The Problem With Fear

Fear is a universal human experience, and in many ways, it is a useful one.  Fear is what keeps us from jumping off cliffs to see what freefall feels like.  However, when it comes to serving the Lord, the same fear that normally acts to preserve us can lead us into disaster.

We see this happening to the children of Israel in Numbers 13-14.  They send spies into the land, the spies bring back a discouraging report, and the Israelites give into their fear.  In 14:3, they exclaim, “Why is the Lord bringing us into this land, to fall by the sword?  Our wives and little ones will become a prey.  Would it not be better for us to go back to Egypt?”

To human thinking, this is a completely reasonable conclusion.  What business does a rabble of escaped slaves have with attacking a land full of walled cities defended by giants?  Sure, when they were back in Egypt, they were slaves, but at least they were alive!

However, the fear that is reasonable in fleshly terms is prideful in spiritual terms.  The Israelites aren’t demonstrating wisdom.  They’re demonstrating lack of faith.  Their words imply that they think they have a better handle on the situation than God does, so that they will be better off if they trust their own reasoning rather than trusting Him!

Not surprisingly, this proud unbelief finds no favor with God.  His reply to them is lengthy and furious, but He gets to the heart of the matter in 14:32-33.  He says, “As for you, your dead bodies shall fall in this wilderness.  And your children shall be shepherds in the wilderness forty years and shall suffer for your faithlessness, until the last of your dead bodies lies in the wilderness.”

The Israelites were afraid that they would die if they attacked the Canaanites.  However, their decision to follow their fears doomed them to the same fate they feared.  God would have protected them in Canaan, but now they are going to die in the wilderness.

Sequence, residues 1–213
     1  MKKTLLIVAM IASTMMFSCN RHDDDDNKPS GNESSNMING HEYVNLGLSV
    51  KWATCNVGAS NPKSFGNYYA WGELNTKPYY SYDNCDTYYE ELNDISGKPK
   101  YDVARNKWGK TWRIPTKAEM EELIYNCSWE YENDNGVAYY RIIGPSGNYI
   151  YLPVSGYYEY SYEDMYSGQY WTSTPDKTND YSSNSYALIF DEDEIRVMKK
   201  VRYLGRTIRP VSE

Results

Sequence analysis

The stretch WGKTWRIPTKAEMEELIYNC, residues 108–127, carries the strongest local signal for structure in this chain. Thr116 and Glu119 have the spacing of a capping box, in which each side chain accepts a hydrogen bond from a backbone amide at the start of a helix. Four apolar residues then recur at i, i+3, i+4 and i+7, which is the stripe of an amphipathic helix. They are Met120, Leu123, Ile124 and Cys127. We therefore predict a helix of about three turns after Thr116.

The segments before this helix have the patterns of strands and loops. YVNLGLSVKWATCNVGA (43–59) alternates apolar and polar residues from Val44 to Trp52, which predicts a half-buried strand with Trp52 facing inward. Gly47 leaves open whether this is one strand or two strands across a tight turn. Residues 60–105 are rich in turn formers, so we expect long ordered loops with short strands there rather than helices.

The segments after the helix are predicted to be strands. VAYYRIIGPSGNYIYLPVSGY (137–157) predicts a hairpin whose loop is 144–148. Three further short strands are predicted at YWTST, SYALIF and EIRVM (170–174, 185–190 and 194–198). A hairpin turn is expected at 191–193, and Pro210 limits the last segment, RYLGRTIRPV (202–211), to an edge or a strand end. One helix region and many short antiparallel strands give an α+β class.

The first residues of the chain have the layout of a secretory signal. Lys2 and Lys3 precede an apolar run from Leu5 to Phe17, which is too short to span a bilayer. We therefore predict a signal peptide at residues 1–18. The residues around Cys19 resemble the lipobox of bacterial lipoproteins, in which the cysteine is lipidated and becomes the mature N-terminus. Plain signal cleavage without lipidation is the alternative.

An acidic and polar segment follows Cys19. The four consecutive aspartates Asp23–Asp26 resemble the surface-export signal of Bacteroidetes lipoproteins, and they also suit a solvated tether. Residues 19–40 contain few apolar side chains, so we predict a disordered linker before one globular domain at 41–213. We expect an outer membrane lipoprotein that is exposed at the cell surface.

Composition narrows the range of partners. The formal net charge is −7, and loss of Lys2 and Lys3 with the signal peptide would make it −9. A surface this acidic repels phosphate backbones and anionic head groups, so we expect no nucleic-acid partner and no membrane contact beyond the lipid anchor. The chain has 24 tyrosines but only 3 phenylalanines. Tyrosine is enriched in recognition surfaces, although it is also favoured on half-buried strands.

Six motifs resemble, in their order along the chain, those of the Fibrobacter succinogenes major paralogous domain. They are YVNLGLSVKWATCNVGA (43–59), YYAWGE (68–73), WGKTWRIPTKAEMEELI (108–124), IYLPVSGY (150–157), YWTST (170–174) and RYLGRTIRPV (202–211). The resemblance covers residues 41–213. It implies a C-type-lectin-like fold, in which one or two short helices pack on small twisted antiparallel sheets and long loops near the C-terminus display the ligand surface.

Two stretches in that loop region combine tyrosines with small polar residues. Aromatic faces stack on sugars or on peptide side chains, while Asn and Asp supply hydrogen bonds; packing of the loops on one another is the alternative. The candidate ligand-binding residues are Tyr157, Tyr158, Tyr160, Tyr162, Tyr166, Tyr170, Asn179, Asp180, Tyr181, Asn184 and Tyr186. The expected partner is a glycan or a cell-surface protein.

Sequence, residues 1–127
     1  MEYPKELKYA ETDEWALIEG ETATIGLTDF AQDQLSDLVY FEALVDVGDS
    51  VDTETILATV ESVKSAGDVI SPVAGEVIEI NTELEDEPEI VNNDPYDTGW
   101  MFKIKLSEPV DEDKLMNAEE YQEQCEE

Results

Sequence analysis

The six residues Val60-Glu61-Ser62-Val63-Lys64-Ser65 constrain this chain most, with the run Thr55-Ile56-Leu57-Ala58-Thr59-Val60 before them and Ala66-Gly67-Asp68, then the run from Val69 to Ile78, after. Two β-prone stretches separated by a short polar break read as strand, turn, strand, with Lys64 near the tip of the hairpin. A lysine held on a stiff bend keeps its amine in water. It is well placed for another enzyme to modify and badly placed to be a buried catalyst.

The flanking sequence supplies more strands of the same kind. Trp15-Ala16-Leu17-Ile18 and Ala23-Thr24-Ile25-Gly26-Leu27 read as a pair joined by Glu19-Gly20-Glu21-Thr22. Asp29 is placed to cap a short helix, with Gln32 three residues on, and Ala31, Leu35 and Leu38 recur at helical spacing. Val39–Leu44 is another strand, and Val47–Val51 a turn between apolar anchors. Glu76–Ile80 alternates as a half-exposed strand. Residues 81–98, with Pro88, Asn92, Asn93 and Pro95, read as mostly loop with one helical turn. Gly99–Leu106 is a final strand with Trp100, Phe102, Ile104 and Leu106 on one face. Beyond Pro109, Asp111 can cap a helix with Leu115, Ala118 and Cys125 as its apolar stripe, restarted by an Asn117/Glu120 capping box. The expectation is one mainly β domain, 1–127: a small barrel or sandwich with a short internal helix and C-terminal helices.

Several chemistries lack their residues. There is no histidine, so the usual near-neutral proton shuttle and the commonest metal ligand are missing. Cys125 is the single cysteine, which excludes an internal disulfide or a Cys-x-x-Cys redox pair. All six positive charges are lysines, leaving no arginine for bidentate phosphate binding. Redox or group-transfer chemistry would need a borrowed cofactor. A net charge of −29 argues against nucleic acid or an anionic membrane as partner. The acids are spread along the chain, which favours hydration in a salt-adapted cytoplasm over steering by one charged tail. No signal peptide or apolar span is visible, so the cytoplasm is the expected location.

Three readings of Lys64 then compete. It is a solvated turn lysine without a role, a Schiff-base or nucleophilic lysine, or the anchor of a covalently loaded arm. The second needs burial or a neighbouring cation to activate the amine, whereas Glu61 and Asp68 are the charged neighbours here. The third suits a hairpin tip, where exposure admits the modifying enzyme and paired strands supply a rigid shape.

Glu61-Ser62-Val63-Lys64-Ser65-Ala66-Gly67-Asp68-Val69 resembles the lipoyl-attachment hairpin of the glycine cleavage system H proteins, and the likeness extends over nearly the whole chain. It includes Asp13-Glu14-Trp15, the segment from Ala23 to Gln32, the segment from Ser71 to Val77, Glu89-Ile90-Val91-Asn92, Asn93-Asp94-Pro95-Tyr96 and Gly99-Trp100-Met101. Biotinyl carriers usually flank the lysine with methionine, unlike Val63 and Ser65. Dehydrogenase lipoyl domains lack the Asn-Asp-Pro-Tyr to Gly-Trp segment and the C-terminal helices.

Similarly, they were worried about their children.  Those children would have been happy and safe if they had only obeyed God, but because they listened to fear instead, they doomed their children to decades of harsh existence in the wilderness.

So too it is with us today.  The devil is constantly trying to use fear to keep us from obedience.  He tells us that we will be unhappy if we don’t get drunk, lonely if we don’t have an affair, poor if we don’t choose work over assembling with the saints.  He tells us that our children will suffer if we don’t prioritize school and extracurricular activities over church.

In all of those cases, when we give into fear, we will only bring the thing we fear down on our heads.  There aren’t any happy alcoholics.  Adultery makes us lonelier, not less lonely.  God provides for those who put Him first, but not for those who put Him second.  If we give our children everything but devotion to God, we will have given them nothing that matters.

Fear can be useful, but fear that stands between us and God is disastrous.  None of us can afford for our fears to lead us into sin.  Instead, let us entrust ourselves to a faithful Creator in doing what is right!

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